Dismiss Notice

Psst... Ready to join TalkBass and start posting, make new friends, sell your gear, and more?  Register your free account in 30 seconds.

Bgavin, techies a few questions.

Discussion in 'Amps and Cabs [BG]' started by ThunderStik, Apr 3, 2003.


  1. ThunderStik

    ThunderStik Guest

    Jun 25, 2001
    Claremore OK.
    1) T/S params are the only way we have to closely predict the way a driver will react in a given situation. My problem is the standard of 1w/1m. How linear does the response stay at half or even full power? Most of us don't just run at 1w.

    2) I was looking at the response graph between an Eminence delta12lf (56oz mag ,BL 14.1) and an Eminence omega pro12 (109oz mag and BL of 17.4) . The delta has a stronger bottom on the plot, I was thinking (correct me if im wrong) that the delta having the weaker mag and having less control over cone motion is what allows it to have a better response at low power on bottom but this is at 1w/1m. I would think that at some point the input power would "overpower" the magnets power to retain a linear response and I would think that it would not take much power to accomplish this as the mag is only 56oz. On the other hand the omega pro with a 109oz mag at 1w/1m the 1 watt would not be enough to generate enough power to put the cone into motion because of the heavy mag yielding a less than desirable plot. But at x amount of power that same mag would have much better control over the cone and things would heat up and "loosen up" actually yielding a better response than the delta 12 but only in a certain power range. Is this off base?

    3) I realize that some of this also pertains to sensitivity and how it is derived. I was just thinking that a driver could specifically built to look good at the industry standard of 1w/1m when in reality that same driver under 1/4-1/2 power will have lost all control and that plot that looked really good has now gone to crap with the driver under load.

    4) Do you find it hard to deal with that most pa's put out less bottom than your rig?
     
  2. jdombrow

    jdombrow Supporting Member

    Jan 16, 2002
    Colorado Springs, CO
  3. (1)
    What you are describing is power compression. Reputable manufacturers such as JBL test for PC and publish the results of running X hours at Y input power. It is specified as a dB number (reduction) from the sensitivity rating.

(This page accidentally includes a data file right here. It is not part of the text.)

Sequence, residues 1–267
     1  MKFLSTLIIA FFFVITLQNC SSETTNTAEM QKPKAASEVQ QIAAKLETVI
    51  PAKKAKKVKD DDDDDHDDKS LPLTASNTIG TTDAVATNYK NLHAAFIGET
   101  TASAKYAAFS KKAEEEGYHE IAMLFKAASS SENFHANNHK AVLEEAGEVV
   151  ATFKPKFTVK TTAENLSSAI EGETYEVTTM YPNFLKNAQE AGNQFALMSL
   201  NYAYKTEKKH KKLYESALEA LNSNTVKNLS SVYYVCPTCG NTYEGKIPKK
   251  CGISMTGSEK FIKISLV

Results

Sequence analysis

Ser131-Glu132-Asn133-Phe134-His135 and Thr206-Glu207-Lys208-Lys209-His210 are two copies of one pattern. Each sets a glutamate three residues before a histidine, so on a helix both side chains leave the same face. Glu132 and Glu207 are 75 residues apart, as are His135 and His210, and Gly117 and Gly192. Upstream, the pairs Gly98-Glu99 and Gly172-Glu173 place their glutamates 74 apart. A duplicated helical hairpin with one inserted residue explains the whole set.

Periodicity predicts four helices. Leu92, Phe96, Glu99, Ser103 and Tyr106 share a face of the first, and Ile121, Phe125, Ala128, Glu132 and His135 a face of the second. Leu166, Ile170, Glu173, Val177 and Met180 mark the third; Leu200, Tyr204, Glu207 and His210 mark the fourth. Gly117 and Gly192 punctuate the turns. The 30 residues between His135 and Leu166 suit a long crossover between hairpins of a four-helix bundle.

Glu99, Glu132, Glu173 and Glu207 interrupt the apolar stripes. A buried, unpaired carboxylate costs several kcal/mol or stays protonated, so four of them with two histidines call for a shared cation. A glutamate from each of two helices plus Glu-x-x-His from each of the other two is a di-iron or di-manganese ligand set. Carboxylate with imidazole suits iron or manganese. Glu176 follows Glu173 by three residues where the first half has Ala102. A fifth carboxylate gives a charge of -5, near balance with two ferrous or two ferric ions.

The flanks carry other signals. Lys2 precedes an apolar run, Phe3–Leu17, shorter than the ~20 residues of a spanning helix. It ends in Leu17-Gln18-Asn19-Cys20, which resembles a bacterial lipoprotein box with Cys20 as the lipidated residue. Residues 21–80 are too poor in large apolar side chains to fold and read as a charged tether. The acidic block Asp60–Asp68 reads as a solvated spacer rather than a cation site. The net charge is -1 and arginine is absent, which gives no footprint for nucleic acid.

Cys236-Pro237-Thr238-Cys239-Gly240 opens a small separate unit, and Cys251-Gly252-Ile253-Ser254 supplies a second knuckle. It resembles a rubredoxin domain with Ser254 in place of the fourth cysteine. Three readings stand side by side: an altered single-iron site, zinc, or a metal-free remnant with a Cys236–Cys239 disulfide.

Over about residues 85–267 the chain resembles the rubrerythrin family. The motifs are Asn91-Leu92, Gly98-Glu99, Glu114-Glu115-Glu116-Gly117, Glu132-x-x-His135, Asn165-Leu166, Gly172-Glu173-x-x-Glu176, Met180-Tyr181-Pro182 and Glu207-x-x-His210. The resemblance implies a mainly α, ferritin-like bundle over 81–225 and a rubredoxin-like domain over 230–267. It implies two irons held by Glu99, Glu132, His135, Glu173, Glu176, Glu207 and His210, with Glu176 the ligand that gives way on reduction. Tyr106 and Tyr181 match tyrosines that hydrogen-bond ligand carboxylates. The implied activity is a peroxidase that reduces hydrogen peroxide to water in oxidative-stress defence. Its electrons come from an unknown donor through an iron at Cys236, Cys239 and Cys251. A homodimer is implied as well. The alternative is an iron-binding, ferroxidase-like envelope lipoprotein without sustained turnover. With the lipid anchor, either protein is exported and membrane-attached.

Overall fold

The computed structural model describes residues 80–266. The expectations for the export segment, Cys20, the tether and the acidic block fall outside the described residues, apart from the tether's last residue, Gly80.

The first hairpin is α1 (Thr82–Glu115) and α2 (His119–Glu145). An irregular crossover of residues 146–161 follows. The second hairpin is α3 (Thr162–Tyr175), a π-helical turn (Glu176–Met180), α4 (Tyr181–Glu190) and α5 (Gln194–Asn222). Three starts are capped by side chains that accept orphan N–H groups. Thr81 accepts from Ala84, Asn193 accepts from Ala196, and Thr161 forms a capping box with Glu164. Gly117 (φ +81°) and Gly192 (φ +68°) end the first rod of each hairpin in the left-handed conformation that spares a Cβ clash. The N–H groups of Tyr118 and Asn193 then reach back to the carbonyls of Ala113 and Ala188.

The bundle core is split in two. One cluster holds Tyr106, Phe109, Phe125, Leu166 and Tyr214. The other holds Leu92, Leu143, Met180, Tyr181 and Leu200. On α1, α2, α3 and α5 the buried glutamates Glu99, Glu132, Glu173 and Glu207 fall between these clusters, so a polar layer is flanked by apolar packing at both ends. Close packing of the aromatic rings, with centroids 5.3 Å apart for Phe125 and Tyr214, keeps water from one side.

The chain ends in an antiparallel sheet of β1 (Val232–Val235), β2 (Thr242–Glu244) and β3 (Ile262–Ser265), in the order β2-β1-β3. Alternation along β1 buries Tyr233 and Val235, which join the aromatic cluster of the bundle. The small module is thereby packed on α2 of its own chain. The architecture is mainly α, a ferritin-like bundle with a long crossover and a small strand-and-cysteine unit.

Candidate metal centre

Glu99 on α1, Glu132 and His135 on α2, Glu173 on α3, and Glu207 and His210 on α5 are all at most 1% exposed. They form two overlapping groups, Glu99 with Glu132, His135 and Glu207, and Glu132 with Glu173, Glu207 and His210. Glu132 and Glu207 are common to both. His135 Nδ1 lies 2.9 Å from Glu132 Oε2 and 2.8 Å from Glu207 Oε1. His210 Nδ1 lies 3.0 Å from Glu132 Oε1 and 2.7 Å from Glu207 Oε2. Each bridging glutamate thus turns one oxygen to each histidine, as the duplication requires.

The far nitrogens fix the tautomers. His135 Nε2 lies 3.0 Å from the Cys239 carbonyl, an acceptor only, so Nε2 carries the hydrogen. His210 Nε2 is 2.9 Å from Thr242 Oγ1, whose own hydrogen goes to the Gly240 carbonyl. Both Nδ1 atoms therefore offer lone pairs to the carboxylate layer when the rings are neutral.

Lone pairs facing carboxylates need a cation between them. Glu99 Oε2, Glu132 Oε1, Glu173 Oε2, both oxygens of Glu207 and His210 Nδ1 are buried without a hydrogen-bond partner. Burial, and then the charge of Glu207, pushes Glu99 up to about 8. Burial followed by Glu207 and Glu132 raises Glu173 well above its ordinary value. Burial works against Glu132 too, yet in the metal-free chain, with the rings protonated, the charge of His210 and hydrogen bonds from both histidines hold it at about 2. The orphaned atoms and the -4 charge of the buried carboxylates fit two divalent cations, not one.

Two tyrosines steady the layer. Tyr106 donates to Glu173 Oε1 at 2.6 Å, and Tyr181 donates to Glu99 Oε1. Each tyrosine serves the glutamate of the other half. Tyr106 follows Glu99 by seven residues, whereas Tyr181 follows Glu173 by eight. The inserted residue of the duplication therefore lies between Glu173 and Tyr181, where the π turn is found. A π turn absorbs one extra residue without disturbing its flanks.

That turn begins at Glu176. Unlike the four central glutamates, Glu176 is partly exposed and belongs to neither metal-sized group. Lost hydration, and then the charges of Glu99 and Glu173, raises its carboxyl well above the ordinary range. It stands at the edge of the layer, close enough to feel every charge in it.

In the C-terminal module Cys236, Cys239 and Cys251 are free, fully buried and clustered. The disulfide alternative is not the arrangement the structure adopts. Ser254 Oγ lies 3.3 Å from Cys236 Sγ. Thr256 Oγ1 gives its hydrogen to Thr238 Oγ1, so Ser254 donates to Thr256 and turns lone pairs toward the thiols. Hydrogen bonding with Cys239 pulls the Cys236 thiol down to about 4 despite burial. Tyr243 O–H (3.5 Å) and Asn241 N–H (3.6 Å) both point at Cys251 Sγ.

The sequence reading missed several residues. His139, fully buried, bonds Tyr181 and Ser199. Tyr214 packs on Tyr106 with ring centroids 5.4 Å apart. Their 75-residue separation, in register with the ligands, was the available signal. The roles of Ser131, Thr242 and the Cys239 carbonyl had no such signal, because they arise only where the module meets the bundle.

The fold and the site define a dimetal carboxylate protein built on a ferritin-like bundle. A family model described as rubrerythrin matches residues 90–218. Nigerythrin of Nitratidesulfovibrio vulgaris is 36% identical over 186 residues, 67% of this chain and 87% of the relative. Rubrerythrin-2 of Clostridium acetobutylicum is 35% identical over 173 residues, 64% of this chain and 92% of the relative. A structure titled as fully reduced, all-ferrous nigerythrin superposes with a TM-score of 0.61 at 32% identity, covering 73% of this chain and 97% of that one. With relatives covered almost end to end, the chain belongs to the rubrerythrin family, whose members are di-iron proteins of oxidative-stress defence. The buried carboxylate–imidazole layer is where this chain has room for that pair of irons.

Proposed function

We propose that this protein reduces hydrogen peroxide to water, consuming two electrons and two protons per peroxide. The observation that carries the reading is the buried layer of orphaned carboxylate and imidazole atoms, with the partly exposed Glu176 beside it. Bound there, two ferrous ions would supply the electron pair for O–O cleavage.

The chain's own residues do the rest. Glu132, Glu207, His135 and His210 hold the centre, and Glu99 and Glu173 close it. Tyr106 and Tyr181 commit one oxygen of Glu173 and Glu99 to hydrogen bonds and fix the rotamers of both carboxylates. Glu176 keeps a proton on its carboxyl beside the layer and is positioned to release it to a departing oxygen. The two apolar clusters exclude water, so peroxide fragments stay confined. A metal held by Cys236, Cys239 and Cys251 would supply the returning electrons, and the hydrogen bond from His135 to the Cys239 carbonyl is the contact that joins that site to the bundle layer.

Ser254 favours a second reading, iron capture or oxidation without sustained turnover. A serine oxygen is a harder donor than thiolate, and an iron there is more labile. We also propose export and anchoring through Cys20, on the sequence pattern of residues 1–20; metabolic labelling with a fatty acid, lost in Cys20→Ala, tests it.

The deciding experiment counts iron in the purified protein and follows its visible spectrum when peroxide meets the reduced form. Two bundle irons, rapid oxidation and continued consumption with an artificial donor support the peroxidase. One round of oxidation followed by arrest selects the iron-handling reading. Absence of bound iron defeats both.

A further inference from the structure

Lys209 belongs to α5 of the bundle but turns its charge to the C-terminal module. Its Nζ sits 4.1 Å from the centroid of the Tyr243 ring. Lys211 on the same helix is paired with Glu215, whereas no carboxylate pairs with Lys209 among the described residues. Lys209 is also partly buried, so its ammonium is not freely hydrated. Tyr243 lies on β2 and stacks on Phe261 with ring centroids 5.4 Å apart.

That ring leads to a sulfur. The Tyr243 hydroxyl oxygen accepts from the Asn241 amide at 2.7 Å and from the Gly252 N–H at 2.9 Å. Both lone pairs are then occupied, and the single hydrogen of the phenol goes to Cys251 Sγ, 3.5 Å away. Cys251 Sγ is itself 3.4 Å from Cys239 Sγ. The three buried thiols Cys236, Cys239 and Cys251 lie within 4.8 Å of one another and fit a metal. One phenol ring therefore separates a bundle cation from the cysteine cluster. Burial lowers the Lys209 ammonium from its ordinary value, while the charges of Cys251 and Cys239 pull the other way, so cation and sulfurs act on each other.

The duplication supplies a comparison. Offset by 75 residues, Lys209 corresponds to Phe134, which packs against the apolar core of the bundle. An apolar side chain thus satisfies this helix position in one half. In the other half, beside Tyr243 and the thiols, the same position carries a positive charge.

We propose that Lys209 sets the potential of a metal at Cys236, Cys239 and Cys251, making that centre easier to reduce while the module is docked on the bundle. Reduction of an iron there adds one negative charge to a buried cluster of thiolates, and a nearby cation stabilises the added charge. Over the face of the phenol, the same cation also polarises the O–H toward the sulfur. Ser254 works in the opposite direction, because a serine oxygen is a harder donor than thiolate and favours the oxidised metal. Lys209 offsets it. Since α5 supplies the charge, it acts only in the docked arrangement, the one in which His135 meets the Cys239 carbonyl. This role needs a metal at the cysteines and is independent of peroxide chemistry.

PC occurs because of heat. Nearly all the power input to a driver is dissipated as heat, not as sound. When the voice coil heats up, the electrical values change. If you don't drive the cone beyond Xmax, IMO linearity is not affected, only the total amount of acoustic power the driver produces is reduced.



    (2)
    The Delta 12LF and Omega Pro 12 are two different designs. The 12LF is a BB4 type with a Qts much higher than the more expensive Omega Pro 12 SBB4 type. Transient response in high Qts drivers is measureably poorer than in lower Qts types. The Omega has a 4" voice coil, so more voice coil wire is inside the magnetic gap. The Delta also requires 2x the cabinet size of the Omega. These are on-paper specs... I suspect there is probably a substantial difference in the "hearing" between the two.

    IMO the bigger bottom of the Delta 12 is coincidental. Higher quality (read: priced) drivers usually have larger magnets and voice coils. The higher BL factor usually goes hand-in-hand with a higher quality driver.



    (3)
    Hard to say. Microsoft can build things that don't work, and they still make money. I think a speaker manufacturer would go broke real quick, once word got out. Drivers are built to a target market and price point. JBL and TAD pro-audio drivers are seriously pricey, and for good reason.



    (4)
    In my area, all the large PA equipped venues are operated by clods who think they have to operate at 1/32 of a turn below feedback. One place has (3) 18s, (3) 15s, and (6) horns on each side of the stage. Add in a ton of monitors, and turn it all up to bleeding level.

    Even with 25 dB earplugs it is so loud I can hardly stand it from the audience position. The bands all sound distorted and none of the bassists have any pronounced, defined bottom depsite all that equipment.

    Playing outside is the real place where my rig is worth hauling around all that crap. Outdoors, it sounds deep and full... just like a real bass. My band plays with PA only for vocals. We have an El Cheapo 12" + Horn cab on each side for mains, and a pair of 12" monitors. Nothing fancy, but all it has to handle is vocals and flute/sax.